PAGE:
Years ago, my 7-year-old brother and I played on the same little league team. Given our young ages, the coaches refrained from keeping score or announcing individual stats, and at the end of the season everyone got a trophy. On the field, everyone was the winner. But in the car and around the dinner table, it was an entirely different story. I loved the game and played hard, while my brother preferred to study the dandelions in the outfield. And this difference seeded a host of stories in which I played the hero and my brother played the fool. I announced every play like a personal highlight reel, punctuated by nonstop digs at my brother, whom I denounced for being lazy and uncoordinated.
Today, I see this as the beginning of a prolonged competitive game of one-upmanship and sibling rivalry. My brother and I competed with each other over everything: who was the best student, athlete, musician, secret-keeper? For the most part, it was in the spirit of healthy competition, spurring us both on to be our best. But in recent years, with the eyes of a mental health professional, I have begun to wonder if there were times when our rivalry crossed the line into cruelty and bullying. Where is that line? And what happens when sibling rivalry goes too far?
Healthy sibling rivalry is based on competition for praise and attention, usually from parents or other adult figures in a child’s life. It can take the form of competitiveness over sports, activities, or school work, all for prized recognition from parents and other important adults – made more valuable if bestowed in front of siblings. Typically, the winners and losers vary, and the competition remains evenly matched. But when the balance of power between siblings becomes one-sided and one child begins taking pleasure in creating “contests” to intentionally cause psychological or physical suffering to another, rivalry has crossed the line into abuse.
Abusive sibling rivalry can take many forms, from physical “wrestling” to cause injury, to teasing and telling jokes intended to make a sibling cry. In a 2015 study in The Professional Counselor, researchers from Clemson University report as many as 80% of children will experience intentional violence from a sibling, making sibling abuse the most common type of child abuse. Children who are abused by siblings may exhibit signs such as avoidance of the abusing sibling, alterations in sleeping and eating patterns, increased anxiety, withdrawal from friends and family, and depressed mood.
Unlike healthy sibling rivalry, which draws focus to the child him/herself for the purpose of gaining praise or positive attention, unhealthy rivalry is constant and is directed toward the goal of inflicting pain on a sibling. An example would be one child “accidentally” tripping his or her sibling in order to win a race as opposed to a child fairly winning a race and boasting to anyone who will listen. In one instance a child is intentionally inflicting harm, while in the other any harm is an accidental byproduct of being proud and excited. While not all instances of unhealthy sibling rivalry are as clean-cut, parents should look for a pattern of constant arguing and nastiness, as opposed to occasional occurrences, as a possible sign of unhealthy rivalry spiraling toward abuse. If this is occurring, then parents can no longer “let the kids work it out” or dismiss the rivalry as “kids being kids,” but must intervene when conflicts occur.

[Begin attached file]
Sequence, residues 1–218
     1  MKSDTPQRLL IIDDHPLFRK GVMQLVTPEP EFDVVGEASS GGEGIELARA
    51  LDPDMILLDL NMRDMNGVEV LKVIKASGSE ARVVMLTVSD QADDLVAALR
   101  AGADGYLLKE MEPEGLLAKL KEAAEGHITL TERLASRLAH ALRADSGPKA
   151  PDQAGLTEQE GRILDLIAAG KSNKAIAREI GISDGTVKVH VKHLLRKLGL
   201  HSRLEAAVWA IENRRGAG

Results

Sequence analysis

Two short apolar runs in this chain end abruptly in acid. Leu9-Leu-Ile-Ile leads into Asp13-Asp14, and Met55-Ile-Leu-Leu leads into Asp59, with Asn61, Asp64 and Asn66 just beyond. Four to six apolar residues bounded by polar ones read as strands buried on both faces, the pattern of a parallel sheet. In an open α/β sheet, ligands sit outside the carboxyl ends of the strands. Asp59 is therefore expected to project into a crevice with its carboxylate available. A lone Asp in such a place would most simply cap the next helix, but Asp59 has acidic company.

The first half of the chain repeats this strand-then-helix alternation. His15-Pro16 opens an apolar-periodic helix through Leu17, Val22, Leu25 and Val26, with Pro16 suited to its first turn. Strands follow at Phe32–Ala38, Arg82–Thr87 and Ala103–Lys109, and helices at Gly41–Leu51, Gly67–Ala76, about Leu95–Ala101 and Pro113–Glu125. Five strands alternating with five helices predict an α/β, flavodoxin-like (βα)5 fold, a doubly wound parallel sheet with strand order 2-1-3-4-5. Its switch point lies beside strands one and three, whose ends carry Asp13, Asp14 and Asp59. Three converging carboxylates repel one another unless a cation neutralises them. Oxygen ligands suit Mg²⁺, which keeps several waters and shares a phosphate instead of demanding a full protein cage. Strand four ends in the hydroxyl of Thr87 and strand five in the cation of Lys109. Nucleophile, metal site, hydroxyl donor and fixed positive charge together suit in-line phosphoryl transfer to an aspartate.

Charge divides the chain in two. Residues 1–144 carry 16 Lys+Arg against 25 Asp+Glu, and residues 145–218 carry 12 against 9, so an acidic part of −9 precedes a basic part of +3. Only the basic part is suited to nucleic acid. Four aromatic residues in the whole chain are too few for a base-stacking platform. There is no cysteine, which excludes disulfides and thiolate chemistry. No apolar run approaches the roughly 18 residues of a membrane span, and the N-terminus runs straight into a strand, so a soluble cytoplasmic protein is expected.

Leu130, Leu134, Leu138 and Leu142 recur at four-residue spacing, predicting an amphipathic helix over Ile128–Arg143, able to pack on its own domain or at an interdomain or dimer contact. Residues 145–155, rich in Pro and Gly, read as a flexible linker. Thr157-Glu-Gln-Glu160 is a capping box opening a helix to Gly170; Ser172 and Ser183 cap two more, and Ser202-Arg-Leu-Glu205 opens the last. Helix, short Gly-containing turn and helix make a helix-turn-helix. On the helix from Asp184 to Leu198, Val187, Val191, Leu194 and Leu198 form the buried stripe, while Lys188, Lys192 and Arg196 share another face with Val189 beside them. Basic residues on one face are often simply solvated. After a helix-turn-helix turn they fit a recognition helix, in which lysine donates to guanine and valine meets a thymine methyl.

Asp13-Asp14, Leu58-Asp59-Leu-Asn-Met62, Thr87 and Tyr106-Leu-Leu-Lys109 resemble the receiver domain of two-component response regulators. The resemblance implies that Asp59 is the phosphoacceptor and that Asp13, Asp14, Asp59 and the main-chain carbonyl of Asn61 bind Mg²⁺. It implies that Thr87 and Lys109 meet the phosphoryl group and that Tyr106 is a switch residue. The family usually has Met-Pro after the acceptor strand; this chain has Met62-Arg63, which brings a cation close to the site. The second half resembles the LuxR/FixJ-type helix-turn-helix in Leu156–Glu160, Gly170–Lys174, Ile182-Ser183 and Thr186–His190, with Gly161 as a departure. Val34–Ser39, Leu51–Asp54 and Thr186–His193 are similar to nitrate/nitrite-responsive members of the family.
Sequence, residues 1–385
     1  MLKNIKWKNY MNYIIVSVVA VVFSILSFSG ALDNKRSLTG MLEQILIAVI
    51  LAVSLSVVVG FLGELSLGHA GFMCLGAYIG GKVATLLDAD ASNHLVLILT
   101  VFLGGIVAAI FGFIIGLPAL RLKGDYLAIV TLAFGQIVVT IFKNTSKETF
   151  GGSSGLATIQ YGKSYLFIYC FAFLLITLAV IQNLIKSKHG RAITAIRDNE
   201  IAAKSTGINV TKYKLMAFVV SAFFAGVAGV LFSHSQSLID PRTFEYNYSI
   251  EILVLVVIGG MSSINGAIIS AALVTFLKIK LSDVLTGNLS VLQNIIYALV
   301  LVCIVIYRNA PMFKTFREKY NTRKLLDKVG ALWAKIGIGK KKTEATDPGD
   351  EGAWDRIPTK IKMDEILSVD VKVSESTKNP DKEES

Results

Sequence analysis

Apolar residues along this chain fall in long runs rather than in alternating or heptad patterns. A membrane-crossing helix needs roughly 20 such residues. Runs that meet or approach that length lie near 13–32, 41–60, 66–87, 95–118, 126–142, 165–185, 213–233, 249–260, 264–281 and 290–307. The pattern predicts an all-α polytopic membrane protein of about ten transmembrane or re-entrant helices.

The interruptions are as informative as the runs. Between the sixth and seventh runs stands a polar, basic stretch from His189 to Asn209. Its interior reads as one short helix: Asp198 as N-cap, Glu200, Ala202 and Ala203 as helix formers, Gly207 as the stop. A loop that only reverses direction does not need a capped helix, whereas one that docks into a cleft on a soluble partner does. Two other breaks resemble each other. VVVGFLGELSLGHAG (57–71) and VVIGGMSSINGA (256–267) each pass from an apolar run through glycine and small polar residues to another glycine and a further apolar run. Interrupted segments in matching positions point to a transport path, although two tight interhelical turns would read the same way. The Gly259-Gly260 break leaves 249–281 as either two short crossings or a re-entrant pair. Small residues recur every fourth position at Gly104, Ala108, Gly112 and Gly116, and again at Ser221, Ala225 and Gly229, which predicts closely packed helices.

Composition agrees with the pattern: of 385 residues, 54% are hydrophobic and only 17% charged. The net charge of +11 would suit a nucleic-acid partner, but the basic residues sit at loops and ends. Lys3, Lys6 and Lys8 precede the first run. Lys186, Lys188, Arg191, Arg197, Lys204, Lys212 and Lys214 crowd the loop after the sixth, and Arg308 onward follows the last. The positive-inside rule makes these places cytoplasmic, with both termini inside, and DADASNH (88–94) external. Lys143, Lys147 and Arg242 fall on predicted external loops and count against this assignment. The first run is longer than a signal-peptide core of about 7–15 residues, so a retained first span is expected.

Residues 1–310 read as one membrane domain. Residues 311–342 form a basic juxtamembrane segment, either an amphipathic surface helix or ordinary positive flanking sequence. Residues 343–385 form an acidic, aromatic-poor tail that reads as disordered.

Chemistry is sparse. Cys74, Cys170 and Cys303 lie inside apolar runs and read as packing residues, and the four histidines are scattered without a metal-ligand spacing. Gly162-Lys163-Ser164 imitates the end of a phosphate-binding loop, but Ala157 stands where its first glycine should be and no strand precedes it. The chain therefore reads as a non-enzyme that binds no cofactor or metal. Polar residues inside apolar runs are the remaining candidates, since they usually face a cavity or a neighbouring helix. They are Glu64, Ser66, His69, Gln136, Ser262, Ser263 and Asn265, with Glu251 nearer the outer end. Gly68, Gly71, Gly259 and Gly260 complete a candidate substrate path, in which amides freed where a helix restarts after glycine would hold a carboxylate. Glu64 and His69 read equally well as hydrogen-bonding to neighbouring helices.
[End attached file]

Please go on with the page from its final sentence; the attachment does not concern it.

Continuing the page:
Stepping in during the early stages of hostile sibling rivalry is the best way to prevent rivalry spiraling into abuse. Early, proactive interventions might include the following:
• Have children help create family rules and consequences. This can instill a sense of empowerment in the children and also ensure that they understand behavioral limits.
• Be consistent in enforcing rules. This gives children a sense of security in knowing what is and is not allowed, and reduces temptation to “get away with it.”
• Monitor. When hostile rivalry is suspected, parents are encouraged to consistently monitor sibling interactions to be sure conflicts are being solved in a healthy and productive manner.
• Demonstrate appropriate interactions. Children copy what they see and hear, and parents are the best people to model appropriate problem-solving, “fair-fighting,” and apologies.
• Reward children for following the rules and using appropriate conflict resolution skills.
• Make positive time for each child, individually. Ensuring siblings have healthy relationships when they are young takes awareness and effort, but also paves the road for strong and supportive relationships later in life. It’s an investment worth making.
Marissa Kirby is a graduate student clinician in the Mental Health Counseling program at Becker College. She provides counseling services to adults, children, couples and families through the Counselor Training Clinic (CTC) at Becker College in Leicester. Visit mhcclinic.becker.edu for more information about low-cost, professional counseling services at the CTC.